Duncan said she expects the city to treat those employees with medical marijuana cards in the same manner.

At least one out-of-state company -- Las Vegas-based South American Gold Corp. -- is interested in putting in a cultivation facility in the Craighead County city, but like Texarkana, "in Jonesboro, we've got a lot of churches and schools," Duncan said.

Regarding zoning, the amendment "does not prohibit a city, incorporated town, or county of this state from enacting reasonable zoning regulations applicable to dispensaries or cultivation facilities, provided that those zoning regulations are the same as those for a licensed retail pharmacy."

A major question for Duncan is how to deal with medical marijuana cards from states like Colorado.

Out-of-state medical marijuana cards would be accepted in Arkansas in certain cases. Rules approved by the state Board of Health on Thursday would allow visitors from other states that allow medical marijuana to use their cards from those states in Arkansas, as long as the visitors certify in writing that they have a condition that would qualify them for a card in Arkansas.

In Fayetteville, Mayor Lioneld Jordan is trying to help efforts to establish medical marijuana facilities, said spokesman Susan Norton.

"To him, it's an economic development issue. If a new business comes to town and if we can accommodate with the property, then we'd like to have the additional sales tax from the process," she said. "Since it was an amendment that the people voted in and it's law, our mayor is in support of trying to streamline the process of bringing the businesses in."

The City Council on Tuesday will consider selling 5 acres in south Fayetteville for $75,000 to Brian Faught, executive vice president of telecommunications company Adcomm. Faught intends to develop the property under his new company, AR-Canna LLC, according to city documents.

"I don't know about any concerns," Norton said. "We haven't heard from our constituents about any concerns."

Cities and counties cannot ban facilities, but citizens can petition for a local option vote to ban dispensaries and cultivation facilities. Officials with various cities and counties, and with the Association of Arkansas Counties and Arkansas Municipal League had not heard of any citizen efforts to petition for an election.

Luke McCoy, development and communications director for Arkansas Family Council, said the popular vote provision must be initiated by a local petition drive.

"It's not an easy mechanism to start up," he said.

Arkansas Family Council advocated for House Bill 1391 by Rep. Robin Lundstrum, R-Elm Springs, which aimed to allow local governments to place the matter on the ballot for a popular vote and allow city councils and county quorum courts to regulate marijuana facilities. The bill did not pass out of committee.

"That did not get much traction, and so we're left with the only option in the measure which is the petition process," McCoy said. "As of right now we don't know of any cities or counties looking to ban it or restrict it."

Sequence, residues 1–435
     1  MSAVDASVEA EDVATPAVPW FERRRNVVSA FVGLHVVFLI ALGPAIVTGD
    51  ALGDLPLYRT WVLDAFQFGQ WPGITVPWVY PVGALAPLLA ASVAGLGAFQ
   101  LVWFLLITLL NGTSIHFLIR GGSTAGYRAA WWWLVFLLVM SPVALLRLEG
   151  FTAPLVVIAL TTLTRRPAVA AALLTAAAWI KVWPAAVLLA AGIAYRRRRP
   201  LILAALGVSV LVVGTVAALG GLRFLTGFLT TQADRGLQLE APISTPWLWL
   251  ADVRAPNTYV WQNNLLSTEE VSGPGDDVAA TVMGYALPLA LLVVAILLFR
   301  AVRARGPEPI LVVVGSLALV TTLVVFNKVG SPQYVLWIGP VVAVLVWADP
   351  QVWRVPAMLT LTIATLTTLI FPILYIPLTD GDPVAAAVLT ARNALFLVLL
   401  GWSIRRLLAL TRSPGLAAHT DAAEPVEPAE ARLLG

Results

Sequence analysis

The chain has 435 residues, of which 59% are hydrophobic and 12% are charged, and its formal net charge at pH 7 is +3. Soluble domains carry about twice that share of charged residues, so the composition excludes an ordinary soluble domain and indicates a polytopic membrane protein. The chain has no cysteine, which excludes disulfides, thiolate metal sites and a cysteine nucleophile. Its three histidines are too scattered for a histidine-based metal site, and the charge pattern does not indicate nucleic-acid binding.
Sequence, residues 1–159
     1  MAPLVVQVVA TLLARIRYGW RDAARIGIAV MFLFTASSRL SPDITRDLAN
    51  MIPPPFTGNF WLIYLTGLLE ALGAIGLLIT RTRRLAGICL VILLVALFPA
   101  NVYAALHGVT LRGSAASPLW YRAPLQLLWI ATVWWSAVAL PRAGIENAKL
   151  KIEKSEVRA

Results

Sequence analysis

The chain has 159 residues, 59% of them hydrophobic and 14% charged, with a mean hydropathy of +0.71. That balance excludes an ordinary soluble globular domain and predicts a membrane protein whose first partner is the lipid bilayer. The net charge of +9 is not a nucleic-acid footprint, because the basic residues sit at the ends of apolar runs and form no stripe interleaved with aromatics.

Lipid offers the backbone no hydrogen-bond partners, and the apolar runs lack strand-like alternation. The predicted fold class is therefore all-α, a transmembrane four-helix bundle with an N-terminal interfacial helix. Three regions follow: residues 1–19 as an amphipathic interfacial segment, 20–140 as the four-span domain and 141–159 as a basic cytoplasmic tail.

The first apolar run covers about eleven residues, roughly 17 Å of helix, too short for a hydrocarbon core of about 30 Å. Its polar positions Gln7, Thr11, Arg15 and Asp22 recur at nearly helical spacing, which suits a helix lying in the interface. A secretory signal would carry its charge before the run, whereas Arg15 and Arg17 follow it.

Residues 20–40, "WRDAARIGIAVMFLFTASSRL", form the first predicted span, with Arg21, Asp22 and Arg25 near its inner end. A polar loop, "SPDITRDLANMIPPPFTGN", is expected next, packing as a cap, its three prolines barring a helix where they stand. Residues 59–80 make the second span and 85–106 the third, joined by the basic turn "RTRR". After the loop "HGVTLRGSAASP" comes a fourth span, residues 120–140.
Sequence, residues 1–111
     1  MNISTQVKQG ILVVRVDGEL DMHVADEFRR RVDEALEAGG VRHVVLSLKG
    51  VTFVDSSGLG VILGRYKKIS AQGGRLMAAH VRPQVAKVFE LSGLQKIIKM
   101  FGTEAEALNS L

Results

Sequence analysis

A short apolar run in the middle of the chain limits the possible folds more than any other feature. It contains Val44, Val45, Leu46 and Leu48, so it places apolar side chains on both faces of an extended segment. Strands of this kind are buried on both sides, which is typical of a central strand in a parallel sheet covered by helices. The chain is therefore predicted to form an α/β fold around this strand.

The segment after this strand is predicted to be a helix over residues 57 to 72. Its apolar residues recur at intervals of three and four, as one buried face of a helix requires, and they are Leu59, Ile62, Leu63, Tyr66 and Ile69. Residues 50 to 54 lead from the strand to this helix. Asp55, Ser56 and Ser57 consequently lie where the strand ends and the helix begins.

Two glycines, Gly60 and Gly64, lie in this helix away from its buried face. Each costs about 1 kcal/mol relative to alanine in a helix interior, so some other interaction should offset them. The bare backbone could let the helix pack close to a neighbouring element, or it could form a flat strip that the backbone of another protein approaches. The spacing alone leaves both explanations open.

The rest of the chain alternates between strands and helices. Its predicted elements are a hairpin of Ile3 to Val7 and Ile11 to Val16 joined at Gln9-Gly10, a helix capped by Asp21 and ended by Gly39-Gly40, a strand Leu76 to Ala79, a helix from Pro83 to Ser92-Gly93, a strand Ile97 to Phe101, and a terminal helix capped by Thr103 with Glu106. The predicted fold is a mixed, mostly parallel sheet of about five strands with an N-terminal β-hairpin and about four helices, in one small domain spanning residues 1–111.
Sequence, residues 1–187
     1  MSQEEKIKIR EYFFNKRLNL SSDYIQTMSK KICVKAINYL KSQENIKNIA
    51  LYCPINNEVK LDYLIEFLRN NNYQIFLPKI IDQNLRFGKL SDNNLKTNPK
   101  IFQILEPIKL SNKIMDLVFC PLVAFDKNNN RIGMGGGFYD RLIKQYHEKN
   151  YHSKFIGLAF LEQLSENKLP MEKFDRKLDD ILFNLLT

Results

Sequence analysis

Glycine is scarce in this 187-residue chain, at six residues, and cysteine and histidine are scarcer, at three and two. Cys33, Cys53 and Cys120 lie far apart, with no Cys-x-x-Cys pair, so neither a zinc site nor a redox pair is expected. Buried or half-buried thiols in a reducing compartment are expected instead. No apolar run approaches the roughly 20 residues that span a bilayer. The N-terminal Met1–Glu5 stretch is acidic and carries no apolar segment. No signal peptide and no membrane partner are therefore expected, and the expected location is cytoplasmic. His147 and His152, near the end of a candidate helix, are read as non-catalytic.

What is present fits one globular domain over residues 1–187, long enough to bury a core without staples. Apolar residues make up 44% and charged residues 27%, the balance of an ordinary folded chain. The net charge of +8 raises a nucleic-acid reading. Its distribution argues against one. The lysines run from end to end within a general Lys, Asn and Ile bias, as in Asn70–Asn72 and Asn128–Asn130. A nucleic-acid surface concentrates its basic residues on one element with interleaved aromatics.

David Couch, the sponsor of the Arkansas Medical Marijuana Amendment, said the existing law ensures that local residents have a voice when it comes to marijuana facilities.

He said it also makes it less likely that someone will try to place a dispensary or cultivation facility where it's unpopular since it could be closed by a vote of the people.

"I don't think anybody is going to be dumb enough to put a cultivation facility or a dispensary in a county that's dry," he said.

SundayMonday on 05/01/2017

*CORRECTION: Under Act 593 passed by the Legislature this year, an employee in a “safety sensitive” position who is a medical marijuana patient — regardless of whether he is under the influence on the job — can be monitored, reassigned, put on leave, fired or be asked to complete a substance abuse program. Employees in other types of positions can't be fired for being a patient, but employers do not have to allow them to be “under the influence” at work or use medical marijuana on the job. A previous version of this article failed to make the difference clear.

Print Headline: At local level, pot getting mixed reception


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Archived Comments

  • LR1955
    May 1, 2017 at 12:56 p.m.

    Don't bother going to the interactive map, it's not a map, just data by state that's 2+ years old.

  • JMort69
    May 3, 2017 at 3:25 p.m.

    Today I read that, once again, in the 2017 Spending Bill, no money was budgeted for federal interference in states' medical marijuana laws. Arkansas is specifically named in that bill as being protected from federal thugs. So, those who are still using the argument that they are worried about the legality, will have to find another ruse to use. No money, no enforcement, period. Perhaps all of these worry warts should read the amendment and subsequent legislation passed in Arkansas. Virtually all of their concerns were addressed. The fact is, we now have legalized medical marijuana in Arkansas. The people spoke, and, thanks in large part to the efforts of Rep. Douglas House, the laws are now in place and will be implemented. So, in spite of the efforts of Reps. Lundstrum, Mayberry, Sen. Rapert and others who are beholding to Jerry Cox and the Family Council, to override the voice of the people, we will move forward. And, not even AG Jeff Sessions with his stuck in the 50s attitudes with no basis in facts can prevent it. We the people actually won one!